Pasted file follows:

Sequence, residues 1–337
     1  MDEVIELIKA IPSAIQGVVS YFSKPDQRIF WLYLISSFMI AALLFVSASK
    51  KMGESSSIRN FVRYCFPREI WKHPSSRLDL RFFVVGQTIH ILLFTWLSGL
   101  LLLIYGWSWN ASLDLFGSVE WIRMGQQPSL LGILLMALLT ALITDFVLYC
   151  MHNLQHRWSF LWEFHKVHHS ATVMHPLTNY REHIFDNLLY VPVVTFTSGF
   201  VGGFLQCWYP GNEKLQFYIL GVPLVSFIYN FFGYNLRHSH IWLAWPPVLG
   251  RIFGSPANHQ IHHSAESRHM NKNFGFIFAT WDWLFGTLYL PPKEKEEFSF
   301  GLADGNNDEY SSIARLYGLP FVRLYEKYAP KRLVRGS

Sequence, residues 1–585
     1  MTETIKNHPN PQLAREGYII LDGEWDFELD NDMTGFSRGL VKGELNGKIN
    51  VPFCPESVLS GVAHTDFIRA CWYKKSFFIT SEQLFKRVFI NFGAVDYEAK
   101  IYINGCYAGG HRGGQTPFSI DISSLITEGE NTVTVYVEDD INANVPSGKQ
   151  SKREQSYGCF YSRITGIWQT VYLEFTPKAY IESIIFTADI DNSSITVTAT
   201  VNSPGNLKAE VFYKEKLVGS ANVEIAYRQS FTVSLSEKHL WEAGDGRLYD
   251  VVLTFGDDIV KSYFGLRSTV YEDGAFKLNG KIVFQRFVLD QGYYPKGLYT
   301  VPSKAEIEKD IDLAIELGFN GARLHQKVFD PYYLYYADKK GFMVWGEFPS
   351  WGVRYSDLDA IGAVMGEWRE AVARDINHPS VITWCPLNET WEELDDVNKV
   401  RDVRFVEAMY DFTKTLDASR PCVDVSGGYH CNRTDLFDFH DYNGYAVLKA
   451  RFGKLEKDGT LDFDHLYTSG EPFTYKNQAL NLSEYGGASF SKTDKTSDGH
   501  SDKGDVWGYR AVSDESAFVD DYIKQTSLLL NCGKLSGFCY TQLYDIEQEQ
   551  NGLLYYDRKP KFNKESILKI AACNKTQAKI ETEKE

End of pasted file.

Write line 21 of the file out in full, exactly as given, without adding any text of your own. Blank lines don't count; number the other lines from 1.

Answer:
   551  NGLLYYDRKP KFNKESILKI AACNKTQAKI ETEKE